Photo by maidoR on Morgue File.
Ah, geography-theology, you’ve got to love it! In our last post, we discussed the pericope of Jesus taking his disciples up to Caesarea-Philippi and broaching the subject of his Messianic identity and mission. We discussed how Jesus perhaps did this to remove them from the tensions of Israel and find a safe haven to discuss such a weighty, and, controversial issue.
At the end of that pericope (i.e. Mt. 16.13-20) Jesus tells them not to discuss the matter with anyone. As the Gospel writers point out from time to time, his time had not yet come.
But, are there any other examples of this amazing phenomenon, which I call, geography-theology? Or, maybe I could coin the turn of phrase, God is in the geographical details!
There is another passage that comes to my mind. This one is found in the Old Testament (OT). It is the pericope concerning the prophet Elijah, a long excruciating drought and a widow from Zarephath (cf. 1 Ks. 17).
A quick look at the map informs us that Zarephath was not a locale in Israel. Zarephath was a foreign city. It was something other than Israelite. Zarephath was in the land of Sidon, neighboring Tyre. Zarephath was in the land of Phoenicia.
It is to this Zarephath that God will call his prophet, Elijah. Elijah, the prophet of YHWH, the man of God (the God of Israel), will be called and sent to a distant land. He will be sent to foreign soil. To a people not his own. To a culture unlike his native one. To a nation that represented much of what Elijah opposed.
And yet, Elijah, as he sits by a drying ditch that once was a brook, receives the call to get up and leave the borders of Israel and head out for Zarephath. It would be a long journey. Such a journey would have been arduous, even in normal conditions; but during a drought and famine, such a journey would be even more difficult.
Elijah, as all true prophets must, obeys the word and call of God. He hikes toward Zarephath. There he will meet a widow who is down to her last bit of oil and flour. A widow, who would have been disadvantaged with the death of her husband, was in even more dire straits; because, not only did she have herself to provide for: she had a son as well. And again, there is that persistent, life-draining drought and famine thing still going on.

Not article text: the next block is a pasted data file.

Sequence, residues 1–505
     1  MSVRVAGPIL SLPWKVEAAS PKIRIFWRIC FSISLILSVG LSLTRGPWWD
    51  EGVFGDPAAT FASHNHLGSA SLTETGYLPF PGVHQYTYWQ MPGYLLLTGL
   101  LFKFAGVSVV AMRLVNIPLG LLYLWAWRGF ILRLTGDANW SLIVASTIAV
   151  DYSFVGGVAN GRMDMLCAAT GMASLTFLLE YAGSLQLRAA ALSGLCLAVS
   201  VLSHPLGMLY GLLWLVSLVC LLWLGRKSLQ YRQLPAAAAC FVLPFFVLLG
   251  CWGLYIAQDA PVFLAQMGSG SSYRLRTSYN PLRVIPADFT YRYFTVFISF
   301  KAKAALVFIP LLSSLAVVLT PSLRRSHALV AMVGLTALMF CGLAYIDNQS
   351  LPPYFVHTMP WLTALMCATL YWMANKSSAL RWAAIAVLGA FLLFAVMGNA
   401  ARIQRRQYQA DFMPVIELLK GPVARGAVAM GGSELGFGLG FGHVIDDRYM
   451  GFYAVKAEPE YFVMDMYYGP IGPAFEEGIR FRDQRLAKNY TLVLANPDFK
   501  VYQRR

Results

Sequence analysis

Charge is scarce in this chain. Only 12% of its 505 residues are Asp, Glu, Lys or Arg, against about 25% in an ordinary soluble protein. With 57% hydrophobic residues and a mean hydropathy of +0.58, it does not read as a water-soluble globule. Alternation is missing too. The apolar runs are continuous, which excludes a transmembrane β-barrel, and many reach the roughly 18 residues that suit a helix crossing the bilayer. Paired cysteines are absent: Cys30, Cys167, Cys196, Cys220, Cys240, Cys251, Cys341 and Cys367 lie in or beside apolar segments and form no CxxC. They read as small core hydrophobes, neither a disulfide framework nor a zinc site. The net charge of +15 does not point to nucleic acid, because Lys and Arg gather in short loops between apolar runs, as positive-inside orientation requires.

Not only had Elijah’s decree of drought affected Israel and her stubborn King and Queen combo of Ahab and Jezebel (who herself hailed from Phoenicia), but also Zarephath. And not only the well-to-do of Zarephath; not only the nobility; the wealthy . . . you know, the ones who were possibly well-provisioned enough to outlast such a disaster.
It also affected the disadvantaged. Those on the fringe of society. Those who were considered outcasts and down-casts. The un-importants. Such as lowly widows and their sons.
So, Elijah met this widow, by divine providence, and through his prophet, God will meet her needs. Her store of oil and flour will miraculously last until the drought and famine pass. Even when matters go from worse to worst, and her son unexpectedly dies, seeming to even surprise Elijah, God raises him to life again. This widow’s son, who remains nameless, carries the distinction as the first recorded resurrection in the Bible.
But why Zarephath? Why not Samaria? Or Dan? Bethel? Or even Jericho? Jerusalem?
Was there no drought and famine in Israel? In Judah? Of course, there was.
Were there no widows in Israel? No widows woefully low on provisions and time? No widows with sons to care for and look after? No widows in need of a miracle?
Yes, of course there were.
In fact, it is this very point that Jesus touches upon, when he opens the scroll of Isaiah in his hometown of Nazareth and recites the Messianic promise. He then sits and the people are all atwitter about him.
Jesus speaks to their lack of true belief in his true identity. They only see him as Joseph’s son. They see him only as a carpenter. So he says to them,
And he said to them, “Doubtless you will quote to me this proverb, ‘Physician, heal yourself.’ What we have heard you did at Capernaum, do here in your hometown as well.” And he said, “Truly, I say to you, no prophet is acceptable in his hometown. (Lk. 4.23-24, ESV)
Jesus, knowing they were clamoring and hoping that he would do some great miracle, as they had heard he had done in Capernaum, references this widow of Zarephath.
But in truth, I tell you, there were many widows in Israel in the days of Elijah, when the heavens were shut up three years and six months, and a great famine came over all the land, and Elijah was sent to none of them but only to Zarephath, in the land of Sidon, to a woman who was a widow. (Lk. 4.25-26, ESV)
Things take a turn for the worse. The crowd, after hearing what Jesus had to say about Elijah and the widow (along with a reference to Elisha) are filled with anger. Their anger is so great that they try and throw Jesus off a cliff. But Jesus, miraculously so, passes right through their midst . . . talk about a cliff hanger! (Sorry, I couldn’t resist!)
Jesus makes it quite clear that the geography teaches us theology. But what does it teach us? What is the lesson we are to learn from it? Why did the synagogue-goers that day become so incensed at this little geography-history lesson by Jesus?
Are there any parallels for you and me? How can we contextualize it in our own lives?
Geography-theology strikes again!